Tuesday, February 17, 2009

Stanum’s new multi-touch framework and my experience with resistive multi-touch

At the Mobile World Congress, Stantum technologies announced a new multi-touch software framework, called TouchPark. TouchPark is designed to run on popular operating systems (Symbian, Windows Mobile, and Android) and microcontrollers (TI Zoom, Freescale i.MX, etc.).

Stantum TouchPark Demo
I have made a simple multi-touch application with Stantum SMK 15.4. Multi-touch functionality of SMK 15.4 is far better than its predecessor Lemur. During the development, I found strength and weakness of resistive multi-touch technology.
The advantage of resistive multi-touch is that you can use your fingers and pens at the same time while capacitive multi-touch screens detect only human fingers (conductors).
However, when I tried to implement multi-touch scrolling and two-finger pinching gestures, I faced two problems: discontinuous touch profiles and ambiguous multi-touch points.
The first problem is due to the inherent characteristics of resistive touch technology. Resistive touch screens detects pressure, but users cannot evenly press the screen. Therefore, when your finger moves on the screen as shown in Figure 1, the actual report from SMK 15.4 looks like Figure 2.
User’s scroll gesture on the resistive touch screen
Figure 1. User’s scroll gesture on the resistive touch screen.
Touch profile from SMK 15.4
Figure 2. Touch profile from SMK 15.4.
The second problem is the ambiguity of touch point identification. Stantum system assigns unique ID to each touch point. Sometimes, the touch IDs are given incorrectly. Figure 3 and Figure 4 illustrate this situation. Exactly speaking, the second problem exists in any multi-touch screens.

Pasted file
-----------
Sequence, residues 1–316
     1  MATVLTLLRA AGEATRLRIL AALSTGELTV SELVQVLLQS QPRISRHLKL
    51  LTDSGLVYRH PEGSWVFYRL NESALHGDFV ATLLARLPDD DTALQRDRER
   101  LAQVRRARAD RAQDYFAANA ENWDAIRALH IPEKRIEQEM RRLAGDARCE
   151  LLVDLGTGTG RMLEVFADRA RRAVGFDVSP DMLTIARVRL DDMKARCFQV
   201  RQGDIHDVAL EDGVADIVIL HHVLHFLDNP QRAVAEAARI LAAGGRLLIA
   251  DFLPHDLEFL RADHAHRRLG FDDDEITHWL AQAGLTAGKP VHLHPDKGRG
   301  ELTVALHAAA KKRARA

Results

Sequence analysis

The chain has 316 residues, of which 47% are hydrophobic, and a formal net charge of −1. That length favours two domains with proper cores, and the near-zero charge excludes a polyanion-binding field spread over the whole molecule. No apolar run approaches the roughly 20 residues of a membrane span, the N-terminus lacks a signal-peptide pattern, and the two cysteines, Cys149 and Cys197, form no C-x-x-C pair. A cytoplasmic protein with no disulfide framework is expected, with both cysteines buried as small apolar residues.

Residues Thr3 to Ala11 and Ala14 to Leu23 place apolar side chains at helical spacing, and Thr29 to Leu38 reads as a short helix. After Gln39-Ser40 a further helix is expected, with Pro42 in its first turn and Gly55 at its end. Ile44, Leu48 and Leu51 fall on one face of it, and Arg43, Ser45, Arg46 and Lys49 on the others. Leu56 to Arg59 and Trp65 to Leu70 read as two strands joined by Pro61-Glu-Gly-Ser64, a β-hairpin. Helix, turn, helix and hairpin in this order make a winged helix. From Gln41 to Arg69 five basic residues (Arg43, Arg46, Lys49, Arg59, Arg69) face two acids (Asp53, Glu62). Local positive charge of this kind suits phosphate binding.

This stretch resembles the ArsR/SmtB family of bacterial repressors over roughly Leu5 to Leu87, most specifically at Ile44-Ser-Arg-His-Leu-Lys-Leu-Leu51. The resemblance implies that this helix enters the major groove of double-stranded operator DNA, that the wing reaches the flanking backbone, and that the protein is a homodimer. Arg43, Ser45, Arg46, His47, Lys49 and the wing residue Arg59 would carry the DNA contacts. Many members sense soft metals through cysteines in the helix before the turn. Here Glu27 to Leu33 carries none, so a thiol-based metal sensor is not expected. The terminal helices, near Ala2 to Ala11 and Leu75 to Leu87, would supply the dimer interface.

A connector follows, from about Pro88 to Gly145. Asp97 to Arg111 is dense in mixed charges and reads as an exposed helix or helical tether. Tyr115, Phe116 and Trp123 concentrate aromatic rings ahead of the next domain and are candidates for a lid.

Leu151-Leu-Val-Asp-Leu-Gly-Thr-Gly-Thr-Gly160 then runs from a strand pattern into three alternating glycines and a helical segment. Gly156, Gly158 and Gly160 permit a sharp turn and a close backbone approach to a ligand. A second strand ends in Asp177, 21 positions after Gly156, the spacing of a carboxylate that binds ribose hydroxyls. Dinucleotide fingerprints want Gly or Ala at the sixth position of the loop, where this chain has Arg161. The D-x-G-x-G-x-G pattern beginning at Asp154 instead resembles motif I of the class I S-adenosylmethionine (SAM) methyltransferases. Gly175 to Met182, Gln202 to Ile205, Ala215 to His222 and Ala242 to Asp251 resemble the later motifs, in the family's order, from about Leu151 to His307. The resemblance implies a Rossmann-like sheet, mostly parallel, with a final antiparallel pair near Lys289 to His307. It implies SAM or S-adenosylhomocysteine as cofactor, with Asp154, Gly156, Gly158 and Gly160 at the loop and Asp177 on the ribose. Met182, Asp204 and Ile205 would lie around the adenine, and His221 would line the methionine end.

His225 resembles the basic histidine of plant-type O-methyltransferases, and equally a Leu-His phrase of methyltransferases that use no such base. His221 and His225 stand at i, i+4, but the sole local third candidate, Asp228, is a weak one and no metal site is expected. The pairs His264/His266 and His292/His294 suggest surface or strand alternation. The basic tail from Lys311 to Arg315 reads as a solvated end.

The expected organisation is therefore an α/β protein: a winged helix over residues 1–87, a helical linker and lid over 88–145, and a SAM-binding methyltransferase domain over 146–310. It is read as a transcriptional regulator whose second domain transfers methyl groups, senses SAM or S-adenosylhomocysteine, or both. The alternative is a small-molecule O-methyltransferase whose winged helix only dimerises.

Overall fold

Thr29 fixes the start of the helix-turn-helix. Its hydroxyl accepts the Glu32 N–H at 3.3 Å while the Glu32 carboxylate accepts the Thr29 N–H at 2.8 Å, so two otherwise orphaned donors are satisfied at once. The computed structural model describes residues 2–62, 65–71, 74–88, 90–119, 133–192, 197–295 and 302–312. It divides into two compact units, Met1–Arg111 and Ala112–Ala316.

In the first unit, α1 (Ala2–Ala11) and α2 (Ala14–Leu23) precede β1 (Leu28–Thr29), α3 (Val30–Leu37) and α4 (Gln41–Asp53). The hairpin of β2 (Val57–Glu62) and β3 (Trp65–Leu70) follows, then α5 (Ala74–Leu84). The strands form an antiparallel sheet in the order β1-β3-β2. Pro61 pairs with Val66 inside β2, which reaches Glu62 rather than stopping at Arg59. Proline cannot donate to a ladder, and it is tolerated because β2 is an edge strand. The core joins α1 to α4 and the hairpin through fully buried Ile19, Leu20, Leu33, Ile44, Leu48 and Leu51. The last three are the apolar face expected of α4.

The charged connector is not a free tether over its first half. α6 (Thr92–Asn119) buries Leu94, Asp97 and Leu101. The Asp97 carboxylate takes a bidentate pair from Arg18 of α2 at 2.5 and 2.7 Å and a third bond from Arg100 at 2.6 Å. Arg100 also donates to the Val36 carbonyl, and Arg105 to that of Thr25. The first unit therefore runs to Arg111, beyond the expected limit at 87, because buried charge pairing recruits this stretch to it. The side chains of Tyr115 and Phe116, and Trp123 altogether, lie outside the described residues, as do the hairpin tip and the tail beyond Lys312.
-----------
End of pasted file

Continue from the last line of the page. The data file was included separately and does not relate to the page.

Two fingers move on the screen simultaneously
Figure 3. Two fingers move on the screen simultaneously.
Touch points are incorrectly identified.
Figure 4. Touch points are incorrectly identified.


Anonymous said...

It's not quite true that all multitouch interfaces are confused by crossing paths. DaimondTouch (from Circle Twelve) distinguishes users, so if the two touches are from different users, it never loses track of who is who. Of course, if a single user does two touch points, it can get confused...

Touch User Interface said...

As you pointed out, DiamondTouch can distinguish different users.

I think there are roughly three issues on multi-touch data processing:

1) multi-touch positioning
2) multi-touch tracking: assigning unique ID to each touch point
3) multi-user identification: assigning unique ID to each user's touch points

Every multi-touch screen can do multi-touch positioning. Stantum SDK includes a multi-touch tracking function and DiamondTouch has a multi-user identification system (Please note that I haven't study all multi-touch SDKs).

For small-sized displays, multi-touch positioning is enough. The second and third problems should be carefully considered when you design large multi-user interactive displays.

DiamondTouch solves the multi-user identification (classification) problem with a specially designed hardware. Since the solution is only for capacitive touch sensing, other touch sensing technologies need their own algorithms to track multi-touch points and classify multiple users.

I didn't know DiamondTouch has been commercialized through Circle Twelve. Thank you for your helpful information.


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